A variety of traditions have developed over the centuries since Christmas was first celebrated. Although many are familiar, a few relatively new ones have appeared, and some of the older, more conventional ones have been given twists that make them fresh and, often, surprising. The 10 twists to Christmas traditions new and old on this list are certainly unusual and intriguing.
See Also: 10 Strange Christmas Traditions From The Victorian Era
10 Electric (Eel) Christmas Lights
In Chattanooga, Tennessee, Miguel Wattson doesn’t sing for his supper. Not exactly. Instead, he generates electricity that illuminates the lights on the Christmas tree outside his tank at the Tennessee Aquarium.
The eel generates electricity when he’s searching for food. The low-voltage charges are transferred to the lights, which blink and flash. When he’s eating or otherwise excited, Miguel generates higher voltage, causing the lights to flash brighter and longer.
Kevin Liska, the director of Tennessee Tech University’s iCube center, which contributed the coding for the system that translates Miguel’s shocks into “a voice” that lets the eel shout “SHAZAM!” and “ka-BLAMEROO!,” explained that “electrical engineering” and “emerging business communication” were combined to produce these effects.
Using similar equipment, Miguel also tweets (mostly “sound effects”) to his nearly 41,000 Twitter followers. With a little help from his human friends, he also responds to his followers’ comments. His Twitter page shows just how much he enjoys puns, such as “r-eel-y cool” and “I’m eel-ated.”
9 Edison Christmas Lights
An early advertisement for “Christmas Lighting,” courtesy of Edison Miniature Lamps, touted the lights as safe, clean, and odor-free. They represented “no danger, smoke or smell.” The lamps could be rented or purchased, but they did have one limitation: they could “be used only in houses having electric lights.”
The lamps were invented by Thomas Edison himself. The first strand was exhibited in 1882, on an “indoor tree” in the New York City home of Edward Johnson, Edison Electric Company’s vice-president, and consisted of eighty “red, white, and blue electric colored bulbs.”
8 Metallic (and Plastic) Tinsel
Tinsel has been around since 1610. First used to decorate Christmas trees in Germany, the decorative strips were originally made of silver strands, which reflected the flames of the candles, the trees’ only light source at the time. Admirers of this new decoration regarded the tinsel as suggestive of the Nativity’s star-studded sky.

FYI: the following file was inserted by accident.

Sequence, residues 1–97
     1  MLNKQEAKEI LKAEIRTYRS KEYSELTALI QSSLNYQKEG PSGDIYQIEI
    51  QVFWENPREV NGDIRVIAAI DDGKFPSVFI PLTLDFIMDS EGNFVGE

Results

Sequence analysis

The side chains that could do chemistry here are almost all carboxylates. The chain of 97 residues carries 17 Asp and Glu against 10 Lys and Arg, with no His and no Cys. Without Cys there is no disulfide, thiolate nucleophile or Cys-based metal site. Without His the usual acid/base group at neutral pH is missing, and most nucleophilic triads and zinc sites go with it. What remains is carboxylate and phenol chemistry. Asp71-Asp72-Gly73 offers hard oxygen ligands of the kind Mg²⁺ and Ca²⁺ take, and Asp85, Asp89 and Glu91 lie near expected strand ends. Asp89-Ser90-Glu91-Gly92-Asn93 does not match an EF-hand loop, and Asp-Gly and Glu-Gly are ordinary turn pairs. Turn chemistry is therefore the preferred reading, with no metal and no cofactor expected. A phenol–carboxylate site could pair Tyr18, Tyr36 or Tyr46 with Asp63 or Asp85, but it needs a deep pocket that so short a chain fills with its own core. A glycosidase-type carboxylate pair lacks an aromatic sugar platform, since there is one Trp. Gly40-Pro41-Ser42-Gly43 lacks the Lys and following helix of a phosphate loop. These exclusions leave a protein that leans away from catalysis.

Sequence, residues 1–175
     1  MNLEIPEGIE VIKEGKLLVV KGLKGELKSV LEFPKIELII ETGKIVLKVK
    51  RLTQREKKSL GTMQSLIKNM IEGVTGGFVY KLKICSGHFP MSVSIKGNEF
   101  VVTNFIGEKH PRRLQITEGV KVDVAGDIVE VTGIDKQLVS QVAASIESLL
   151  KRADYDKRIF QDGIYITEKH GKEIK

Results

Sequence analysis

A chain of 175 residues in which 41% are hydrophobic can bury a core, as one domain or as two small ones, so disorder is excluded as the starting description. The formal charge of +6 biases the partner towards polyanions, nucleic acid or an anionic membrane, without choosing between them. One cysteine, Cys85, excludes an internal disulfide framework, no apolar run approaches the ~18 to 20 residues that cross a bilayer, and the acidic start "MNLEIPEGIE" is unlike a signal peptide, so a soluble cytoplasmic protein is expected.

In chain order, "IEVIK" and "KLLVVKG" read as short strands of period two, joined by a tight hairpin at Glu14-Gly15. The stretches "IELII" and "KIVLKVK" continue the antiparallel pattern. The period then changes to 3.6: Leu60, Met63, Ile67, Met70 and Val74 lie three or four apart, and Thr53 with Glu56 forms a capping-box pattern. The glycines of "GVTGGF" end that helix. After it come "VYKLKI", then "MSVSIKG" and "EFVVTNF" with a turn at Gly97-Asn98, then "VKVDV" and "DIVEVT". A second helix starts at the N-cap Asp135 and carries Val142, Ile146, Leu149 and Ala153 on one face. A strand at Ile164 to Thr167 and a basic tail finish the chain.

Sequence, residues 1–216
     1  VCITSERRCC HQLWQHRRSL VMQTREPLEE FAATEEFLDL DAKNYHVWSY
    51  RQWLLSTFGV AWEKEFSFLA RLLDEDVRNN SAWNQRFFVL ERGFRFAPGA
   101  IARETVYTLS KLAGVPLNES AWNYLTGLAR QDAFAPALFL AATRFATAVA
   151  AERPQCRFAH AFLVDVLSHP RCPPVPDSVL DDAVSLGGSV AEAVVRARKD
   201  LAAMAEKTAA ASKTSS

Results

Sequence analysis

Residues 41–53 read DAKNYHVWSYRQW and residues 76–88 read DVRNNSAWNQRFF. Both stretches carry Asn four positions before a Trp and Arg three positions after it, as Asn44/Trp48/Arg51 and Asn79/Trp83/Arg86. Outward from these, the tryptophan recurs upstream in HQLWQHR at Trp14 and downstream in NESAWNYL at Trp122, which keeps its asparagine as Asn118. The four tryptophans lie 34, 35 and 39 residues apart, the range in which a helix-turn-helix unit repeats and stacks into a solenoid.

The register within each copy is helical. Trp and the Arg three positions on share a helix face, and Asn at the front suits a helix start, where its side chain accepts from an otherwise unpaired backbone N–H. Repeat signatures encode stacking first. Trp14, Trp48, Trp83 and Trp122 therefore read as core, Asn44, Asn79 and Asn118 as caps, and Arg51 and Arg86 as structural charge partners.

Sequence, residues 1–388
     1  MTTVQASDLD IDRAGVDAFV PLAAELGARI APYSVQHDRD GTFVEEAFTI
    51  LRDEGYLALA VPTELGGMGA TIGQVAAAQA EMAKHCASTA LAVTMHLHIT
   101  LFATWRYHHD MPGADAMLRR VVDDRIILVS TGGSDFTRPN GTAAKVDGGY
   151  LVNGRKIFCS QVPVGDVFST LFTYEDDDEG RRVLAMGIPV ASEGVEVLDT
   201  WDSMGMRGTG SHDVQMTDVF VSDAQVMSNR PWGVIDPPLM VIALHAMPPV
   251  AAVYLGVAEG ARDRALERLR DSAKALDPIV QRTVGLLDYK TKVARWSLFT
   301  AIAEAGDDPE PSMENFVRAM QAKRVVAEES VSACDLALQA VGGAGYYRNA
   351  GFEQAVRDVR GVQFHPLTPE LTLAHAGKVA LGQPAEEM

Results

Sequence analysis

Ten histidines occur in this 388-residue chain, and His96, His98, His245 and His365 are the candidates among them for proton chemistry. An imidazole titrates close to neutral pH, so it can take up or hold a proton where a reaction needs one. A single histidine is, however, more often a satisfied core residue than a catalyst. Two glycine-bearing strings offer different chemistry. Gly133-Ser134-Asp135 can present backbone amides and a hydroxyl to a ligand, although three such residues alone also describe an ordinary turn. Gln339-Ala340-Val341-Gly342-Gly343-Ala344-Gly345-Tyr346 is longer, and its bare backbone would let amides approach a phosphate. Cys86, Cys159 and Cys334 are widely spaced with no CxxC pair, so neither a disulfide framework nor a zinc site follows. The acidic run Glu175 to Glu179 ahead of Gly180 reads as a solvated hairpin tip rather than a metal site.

However, since silver soon tarnishes, it was replaced by other lustrous metals, including, at the beginning of the twentieth century, aluminum, and, later, lead foil, neither of which tarnish and both of which are cheaper than silver.
In 1972, when exposure to lead became a health concern, tinsel manufacturers and importers agreed to stop making and supplying lead tinsel. Since then, tinsel has been made of “plastic film coated with a metallic finish or . . . Mylar film . . . cut into thin strips.”
7 Rockefeller Christmas Tree Topper
Topping off the huge 2018 Christmas tree in New York City’s Rockefeller Center was a gargantuan task, but BorgDesign Inc. was up to the challenge. The company makes custom parts and machines, including “everything from medical equipment to radars,” for its clients.
Although Orion RED, architect Daniel Libeskind, and Swarovski, a European glass manufacturer, collaborated in creating the star, BorgDesign constructed its “core.” The project took roughly seven months, or between 500 and 1,000 hours. “We started working on it, I want to say, in April,” Andrew Borg, the company’s president, explained. “We delivered most of the parts in early October, and we delivered the lifting mechanism right at the end of October.”
The lifting mechanism had a big job to do: the star measured nine feet, four inches in height, bore seventy modules composed mostly of LED lights, and featured three million Swarovski crystals, which supplied the topper’s “distinct holiday twinkle.”
6 Inverted Christmas Tree
To stand out, something needs to be as different as an upside-down Christmas tree. Judging by Instagram, such trees were all the rage in 2017, in both shopping malls and family homes across the United States. After setting the tree in place in a modified stand or suspending the base of the tree from the ceiling, with its tip pointing down, employees or family members decorated the fir or pine, hanging ornaments from its inverted branches and piling presents under the treetop.
Inverted Christmas trees didn’t first become popular a couple of years ago, though. Holiday trees were first turned upside-down during the Middle Ages to symbolize the Trinity and the crucifixion of Christ.
Thanks to 3-D printers, your head, or anyone else’s, can become a Christmas tree ornament. Among more traditional decorations, such as balls and bells, angels and snowmen, and ribbons and bows, your own head, perhaps wearing a red stocking cap with a white pompom, can hang by a ribbon or a hook from a branch of your Christmas tree, facial hair and face (but not blood) included.